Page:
Death On The Nile

Cruising aboard the "Karnak" are Detective Hercule Poirot and passengers of the upper English class including the famous and beautiful Linnet Ridgeway with her Newly-Married husband Simon Doyle.And we find,a cunningly streamlined  Jacqueline de Bellefort trailing after them since their marriage.But one day,bad news reeks through the Ship - the beautiful Linnet Ridgeway has been shot through the head. Death on the Nile, surprisingly, often felt like a television drama. Jealously! Affairs! Revenge! Gossip! It was highly entertaining and I developed an affinity for Jacqueline de Bellefort in particular. I most likely shouldn't, since she, let’s say, took it a bit too far! Yet I enjoyed her clarity and audacity and I was never completely sure whether she should remain a suspect or not. On a ship travelling down the Nile, tensions are high and everybody is suspect. Death on the Nile is also not exactly what we would call politically correct, and it really is fascinating to see what sort of language, cultural and social attitudes were deemed acceptable in the 1930's. Death on the Nile, however, was much slower than And Then There Were None. It took nearly half of the book before a murder was committed and although I was quite enjoying the build up, it meant that the second half of the book – the attempt to solve the murder – was rushed. Pls Comment.
“Time is the best killer.” 


  • Selina KyleSelina Kyle Investigator
    Very True.!!!!
  • Spoilers!!! I love Death In The Nile. I feel that it's is more character driven than most Poirot books.  It really centres on three people, Linnet, Jackie and Simon and explores what really drives them in life. Linnet is only interested in herself and will go to any lengths to get what she wants. Simon is mainly motivated by money.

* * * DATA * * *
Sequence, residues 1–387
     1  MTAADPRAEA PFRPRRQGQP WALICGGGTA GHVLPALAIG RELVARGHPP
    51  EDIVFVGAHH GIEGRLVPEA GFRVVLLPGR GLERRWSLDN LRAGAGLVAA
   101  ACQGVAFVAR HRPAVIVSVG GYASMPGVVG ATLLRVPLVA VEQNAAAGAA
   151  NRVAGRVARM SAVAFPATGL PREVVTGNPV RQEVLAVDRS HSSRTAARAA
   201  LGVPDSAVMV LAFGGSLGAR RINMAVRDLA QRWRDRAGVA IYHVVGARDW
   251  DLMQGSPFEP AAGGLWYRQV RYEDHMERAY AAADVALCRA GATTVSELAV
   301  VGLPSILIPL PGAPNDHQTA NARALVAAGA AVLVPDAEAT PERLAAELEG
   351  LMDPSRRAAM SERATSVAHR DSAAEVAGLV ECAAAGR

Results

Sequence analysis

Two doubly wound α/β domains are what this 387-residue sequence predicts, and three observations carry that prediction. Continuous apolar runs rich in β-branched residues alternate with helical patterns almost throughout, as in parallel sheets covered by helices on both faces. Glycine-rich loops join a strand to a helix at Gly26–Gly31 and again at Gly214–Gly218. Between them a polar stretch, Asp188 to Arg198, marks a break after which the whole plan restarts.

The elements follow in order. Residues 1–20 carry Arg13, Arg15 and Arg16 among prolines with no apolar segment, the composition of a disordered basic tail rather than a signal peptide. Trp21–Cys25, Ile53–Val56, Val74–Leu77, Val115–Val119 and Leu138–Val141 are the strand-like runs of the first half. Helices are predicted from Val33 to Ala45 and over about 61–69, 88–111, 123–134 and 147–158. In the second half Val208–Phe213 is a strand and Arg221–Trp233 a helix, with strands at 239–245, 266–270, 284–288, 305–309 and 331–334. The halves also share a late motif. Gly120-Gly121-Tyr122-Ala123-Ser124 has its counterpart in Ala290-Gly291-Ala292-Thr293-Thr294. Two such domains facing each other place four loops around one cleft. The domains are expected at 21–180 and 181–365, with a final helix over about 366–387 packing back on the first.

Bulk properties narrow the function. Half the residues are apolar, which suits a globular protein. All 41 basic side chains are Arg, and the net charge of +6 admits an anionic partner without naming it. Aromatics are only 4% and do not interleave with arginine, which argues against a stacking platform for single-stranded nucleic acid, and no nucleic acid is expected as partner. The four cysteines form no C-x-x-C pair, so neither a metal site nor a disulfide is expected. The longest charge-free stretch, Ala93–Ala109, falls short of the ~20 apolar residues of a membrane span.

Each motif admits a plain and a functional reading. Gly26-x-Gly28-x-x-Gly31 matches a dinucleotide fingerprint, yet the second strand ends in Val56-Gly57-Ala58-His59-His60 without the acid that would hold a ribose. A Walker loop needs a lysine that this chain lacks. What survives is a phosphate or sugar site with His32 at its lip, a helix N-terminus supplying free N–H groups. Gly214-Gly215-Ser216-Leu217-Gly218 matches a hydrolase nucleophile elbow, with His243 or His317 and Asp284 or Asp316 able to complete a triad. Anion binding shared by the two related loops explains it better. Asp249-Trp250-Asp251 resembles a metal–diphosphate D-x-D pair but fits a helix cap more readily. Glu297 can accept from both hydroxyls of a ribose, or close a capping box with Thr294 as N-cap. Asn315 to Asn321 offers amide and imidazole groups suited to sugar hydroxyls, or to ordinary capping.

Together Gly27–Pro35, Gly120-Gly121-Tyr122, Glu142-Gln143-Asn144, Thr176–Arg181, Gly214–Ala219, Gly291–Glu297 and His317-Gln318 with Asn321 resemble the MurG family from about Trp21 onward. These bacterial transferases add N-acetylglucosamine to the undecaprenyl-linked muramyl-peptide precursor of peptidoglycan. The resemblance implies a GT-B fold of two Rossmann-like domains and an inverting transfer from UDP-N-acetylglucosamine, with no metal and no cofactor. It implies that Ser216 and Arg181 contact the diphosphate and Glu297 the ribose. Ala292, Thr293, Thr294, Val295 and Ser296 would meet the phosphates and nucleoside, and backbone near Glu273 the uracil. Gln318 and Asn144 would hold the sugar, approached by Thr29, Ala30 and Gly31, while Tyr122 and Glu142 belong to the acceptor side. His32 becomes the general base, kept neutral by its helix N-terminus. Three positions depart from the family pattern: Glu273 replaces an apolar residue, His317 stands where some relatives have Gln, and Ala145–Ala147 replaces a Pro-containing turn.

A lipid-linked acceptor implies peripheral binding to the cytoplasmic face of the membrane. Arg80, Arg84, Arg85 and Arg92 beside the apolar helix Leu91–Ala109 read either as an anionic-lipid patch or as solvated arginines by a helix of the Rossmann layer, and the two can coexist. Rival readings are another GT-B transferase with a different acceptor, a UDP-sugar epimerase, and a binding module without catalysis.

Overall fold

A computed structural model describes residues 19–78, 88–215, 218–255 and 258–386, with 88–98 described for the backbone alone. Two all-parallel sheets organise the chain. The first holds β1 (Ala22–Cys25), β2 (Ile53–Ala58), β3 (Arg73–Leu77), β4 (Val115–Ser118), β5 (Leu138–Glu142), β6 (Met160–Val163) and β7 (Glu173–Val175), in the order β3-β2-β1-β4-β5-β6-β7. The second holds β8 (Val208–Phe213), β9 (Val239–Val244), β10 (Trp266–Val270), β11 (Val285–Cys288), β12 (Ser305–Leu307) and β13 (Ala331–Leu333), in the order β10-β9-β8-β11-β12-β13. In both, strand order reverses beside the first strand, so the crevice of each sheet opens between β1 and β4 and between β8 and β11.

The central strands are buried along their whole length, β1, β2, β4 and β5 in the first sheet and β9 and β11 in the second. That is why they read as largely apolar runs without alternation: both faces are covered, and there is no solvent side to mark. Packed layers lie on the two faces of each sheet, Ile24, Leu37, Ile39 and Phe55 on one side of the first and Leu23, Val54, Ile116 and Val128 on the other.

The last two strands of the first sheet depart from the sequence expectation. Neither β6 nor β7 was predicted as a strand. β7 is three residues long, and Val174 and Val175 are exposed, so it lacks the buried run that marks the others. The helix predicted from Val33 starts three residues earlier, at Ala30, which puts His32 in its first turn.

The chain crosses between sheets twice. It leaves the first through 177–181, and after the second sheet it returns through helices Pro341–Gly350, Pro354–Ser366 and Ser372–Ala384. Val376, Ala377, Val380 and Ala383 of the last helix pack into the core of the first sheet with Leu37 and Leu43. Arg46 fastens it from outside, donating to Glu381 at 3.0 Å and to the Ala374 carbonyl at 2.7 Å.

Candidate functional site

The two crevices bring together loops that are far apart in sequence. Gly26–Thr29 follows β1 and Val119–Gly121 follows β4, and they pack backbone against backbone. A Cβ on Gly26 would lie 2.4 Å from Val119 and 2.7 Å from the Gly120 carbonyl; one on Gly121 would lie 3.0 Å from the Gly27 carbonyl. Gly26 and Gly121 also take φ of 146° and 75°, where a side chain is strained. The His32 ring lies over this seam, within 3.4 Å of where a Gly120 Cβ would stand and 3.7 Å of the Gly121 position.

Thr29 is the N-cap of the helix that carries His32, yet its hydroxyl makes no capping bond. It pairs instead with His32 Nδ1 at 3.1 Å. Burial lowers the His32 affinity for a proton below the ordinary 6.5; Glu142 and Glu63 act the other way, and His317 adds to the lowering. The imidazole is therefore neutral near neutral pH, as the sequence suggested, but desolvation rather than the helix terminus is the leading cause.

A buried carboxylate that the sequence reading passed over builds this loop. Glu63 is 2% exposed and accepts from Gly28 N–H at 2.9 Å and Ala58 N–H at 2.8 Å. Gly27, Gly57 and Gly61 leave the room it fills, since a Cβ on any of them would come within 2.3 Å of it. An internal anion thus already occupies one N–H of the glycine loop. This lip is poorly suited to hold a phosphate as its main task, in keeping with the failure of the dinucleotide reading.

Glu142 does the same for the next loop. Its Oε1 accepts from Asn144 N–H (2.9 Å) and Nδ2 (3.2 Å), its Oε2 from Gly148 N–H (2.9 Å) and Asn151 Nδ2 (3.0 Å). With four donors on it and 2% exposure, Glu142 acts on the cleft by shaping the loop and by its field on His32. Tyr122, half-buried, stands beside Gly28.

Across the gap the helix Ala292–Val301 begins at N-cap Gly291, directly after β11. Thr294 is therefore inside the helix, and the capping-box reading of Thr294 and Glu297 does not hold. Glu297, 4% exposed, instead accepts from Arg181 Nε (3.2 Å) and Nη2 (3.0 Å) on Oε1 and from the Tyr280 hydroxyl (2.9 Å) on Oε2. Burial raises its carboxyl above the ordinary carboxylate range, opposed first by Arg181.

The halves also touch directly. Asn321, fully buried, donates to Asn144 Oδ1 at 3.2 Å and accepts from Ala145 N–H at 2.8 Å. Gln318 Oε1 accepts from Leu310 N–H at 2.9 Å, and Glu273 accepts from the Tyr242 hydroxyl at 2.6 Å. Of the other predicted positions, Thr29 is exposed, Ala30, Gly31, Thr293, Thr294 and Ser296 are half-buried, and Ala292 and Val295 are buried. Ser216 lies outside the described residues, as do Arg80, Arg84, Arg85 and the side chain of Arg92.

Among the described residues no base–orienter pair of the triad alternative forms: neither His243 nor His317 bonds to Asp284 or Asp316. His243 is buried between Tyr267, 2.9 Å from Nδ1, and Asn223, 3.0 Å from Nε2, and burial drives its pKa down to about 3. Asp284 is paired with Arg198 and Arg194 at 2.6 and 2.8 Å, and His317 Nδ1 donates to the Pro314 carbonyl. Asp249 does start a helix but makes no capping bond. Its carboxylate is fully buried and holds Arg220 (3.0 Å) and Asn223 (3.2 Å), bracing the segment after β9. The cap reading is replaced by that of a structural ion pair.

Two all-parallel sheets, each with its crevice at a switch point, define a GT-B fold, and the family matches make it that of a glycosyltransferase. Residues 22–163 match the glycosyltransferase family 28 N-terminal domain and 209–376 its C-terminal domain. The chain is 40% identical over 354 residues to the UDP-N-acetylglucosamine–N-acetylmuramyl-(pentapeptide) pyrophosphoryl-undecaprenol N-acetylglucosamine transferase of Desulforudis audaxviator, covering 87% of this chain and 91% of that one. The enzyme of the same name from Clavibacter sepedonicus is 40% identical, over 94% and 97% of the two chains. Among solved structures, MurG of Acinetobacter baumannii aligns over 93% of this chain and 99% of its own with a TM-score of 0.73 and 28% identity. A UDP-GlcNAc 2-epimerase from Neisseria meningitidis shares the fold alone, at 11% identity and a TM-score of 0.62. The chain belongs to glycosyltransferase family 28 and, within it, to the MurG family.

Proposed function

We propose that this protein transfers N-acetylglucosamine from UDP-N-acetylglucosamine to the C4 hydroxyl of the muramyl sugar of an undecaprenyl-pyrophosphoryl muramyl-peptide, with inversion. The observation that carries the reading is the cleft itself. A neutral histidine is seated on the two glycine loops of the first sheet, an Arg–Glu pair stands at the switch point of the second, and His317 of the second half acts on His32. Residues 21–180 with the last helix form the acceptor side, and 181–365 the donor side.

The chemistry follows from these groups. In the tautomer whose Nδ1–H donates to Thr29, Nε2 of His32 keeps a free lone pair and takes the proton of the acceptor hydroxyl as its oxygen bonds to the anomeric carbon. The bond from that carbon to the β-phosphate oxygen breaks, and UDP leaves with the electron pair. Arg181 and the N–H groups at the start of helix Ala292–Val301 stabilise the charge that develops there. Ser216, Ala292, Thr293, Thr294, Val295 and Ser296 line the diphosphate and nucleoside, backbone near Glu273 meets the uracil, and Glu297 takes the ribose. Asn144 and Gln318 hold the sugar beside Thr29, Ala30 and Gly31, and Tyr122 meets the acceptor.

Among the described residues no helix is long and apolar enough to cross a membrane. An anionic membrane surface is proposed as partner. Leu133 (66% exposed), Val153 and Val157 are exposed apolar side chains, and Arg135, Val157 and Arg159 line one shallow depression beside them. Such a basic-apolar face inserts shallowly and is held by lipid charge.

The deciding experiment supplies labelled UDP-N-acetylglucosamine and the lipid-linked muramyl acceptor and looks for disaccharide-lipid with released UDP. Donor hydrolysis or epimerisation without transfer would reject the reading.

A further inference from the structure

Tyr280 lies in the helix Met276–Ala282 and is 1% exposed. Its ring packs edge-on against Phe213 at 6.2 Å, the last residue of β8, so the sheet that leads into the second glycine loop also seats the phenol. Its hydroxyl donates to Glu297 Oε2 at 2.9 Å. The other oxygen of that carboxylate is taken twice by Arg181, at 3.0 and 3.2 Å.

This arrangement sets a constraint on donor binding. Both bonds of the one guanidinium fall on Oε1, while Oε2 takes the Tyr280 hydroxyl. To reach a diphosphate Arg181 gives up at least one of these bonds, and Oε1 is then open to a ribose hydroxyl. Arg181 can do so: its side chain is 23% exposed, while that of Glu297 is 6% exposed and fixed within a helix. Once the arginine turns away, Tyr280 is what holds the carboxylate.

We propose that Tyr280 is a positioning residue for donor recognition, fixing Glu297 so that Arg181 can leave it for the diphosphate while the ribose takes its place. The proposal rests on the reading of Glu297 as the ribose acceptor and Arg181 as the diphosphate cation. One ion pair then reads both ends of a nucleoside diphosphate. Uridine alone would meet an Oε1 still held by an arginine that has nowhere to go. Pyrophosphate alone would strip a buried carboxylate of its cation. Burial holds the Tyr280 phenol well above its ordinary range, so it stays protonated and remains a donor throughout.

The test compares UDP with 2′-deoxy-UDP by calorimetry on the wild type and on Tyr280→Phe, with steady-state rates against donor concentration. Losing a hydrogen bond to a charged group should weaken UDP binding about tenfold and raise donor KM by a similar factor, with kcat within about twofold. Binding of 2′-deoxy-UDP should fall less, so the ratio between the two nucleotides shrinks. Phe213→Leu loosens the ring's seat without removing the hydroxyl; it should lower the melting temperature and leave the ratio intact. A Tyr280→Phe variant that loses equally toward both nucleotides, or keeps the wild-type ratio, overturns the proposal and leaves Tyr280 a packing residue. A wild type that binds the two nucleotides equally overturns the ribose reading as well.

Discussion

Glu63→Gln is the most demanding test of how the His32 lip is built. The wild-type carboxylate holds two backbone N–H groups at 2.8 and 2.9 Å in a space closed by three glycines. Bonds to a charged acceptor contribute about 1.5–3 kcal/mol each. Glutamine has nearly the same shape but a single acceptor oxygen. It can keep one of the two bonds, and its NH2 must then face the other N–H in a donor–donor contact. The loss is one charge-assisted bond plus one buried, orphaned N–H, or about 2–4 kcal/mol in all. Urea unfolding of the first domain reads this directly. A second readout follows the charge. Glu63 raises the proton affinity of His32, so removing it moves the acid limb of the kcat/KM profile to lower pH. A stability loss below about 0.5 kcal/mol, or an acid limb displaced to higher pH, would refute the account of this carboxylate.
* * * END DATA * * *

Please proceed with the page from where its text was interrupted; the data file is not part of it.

Jacqueline de Bellefort is my favourite female character in any Poirot story. She will go to any lengths out her love for Simon.  In an odd way I also felt so sorry Jackie. Agatha Christie wrote her such a way that makes you feel empathy towards her. She didn't kill for selfish reasons or for gain.  If you compare to her to other Agatha Christie female leads like Elinor in Sad Cypress, she's more hot headed and passionate. yet at the same time she can also pull of a remarkable pre-meditated murder 

    I think that Death On The Nile is a book that deals more with emotions. There's a touching scene when Poirot tells Jackie "do not let your heart into evil". Although I did guess who the murders were, I couldn't figure out how it was done. 

    There are such a variety of characters. But Salome Otterbourne is hysterical funny! I wonder if she was based on a real author?

    I think perhaps the book appeals to people who like other genres of literature as well as crime. On the old Agatha Christie forum, someone compared the story to Henry James Wings of A Dove. 

    "Do not allow evil into your heart. It will make a home there." Poirot -Death On The Nile
  • tudestudes Rio de Janeiro, Brazil ✭✭✭✭
    I agree with you, Miss Quinn. I's an excellent book.
     I think the characters are much more "alive". They're full of contradictories emotions and  more complex than usual.

    SPOILERS: The three main characters are a bit tragic. Since the beginning, they seem that they will never achieve what they want despite of their efforts. They're  dommed to suffer and be unhappy.
    Even Simon, I felt pitty for him. He's almost a child. It seems that he doesn't understand the graveness of his acts.

  • I admit I don't feel the same amount of empathy for Simon. He killed his wife on their honeymoon for her money. Then dipped his finger in her blood to draw a J on the wall. It's rather macabre. As Jackie said, she felt better killing someone in the heat of the moment. But not while someone lies sleeping. The fact Linnet was impossible to like, with  her self absorbed nature did make it easier to empathize with the murderers rather than the victims. Same goes for Mrs Ottobourne who obviously made her daughters life so miserable. 

    Has anyone seen the adaptations? I found the Usitov version was much better. But it had some major flaws. Linnet was portrayed as a outdoors type climbing up rocks. I imagine her book's character would wear unsuitable clothing, shoes and would cry is she broke a nail. Even though Mia Farrow doesn't look like my idea of Jackie, she at least had that air of unhealthy obsessiveness. She did anger so much better than the actress in the Suchet version.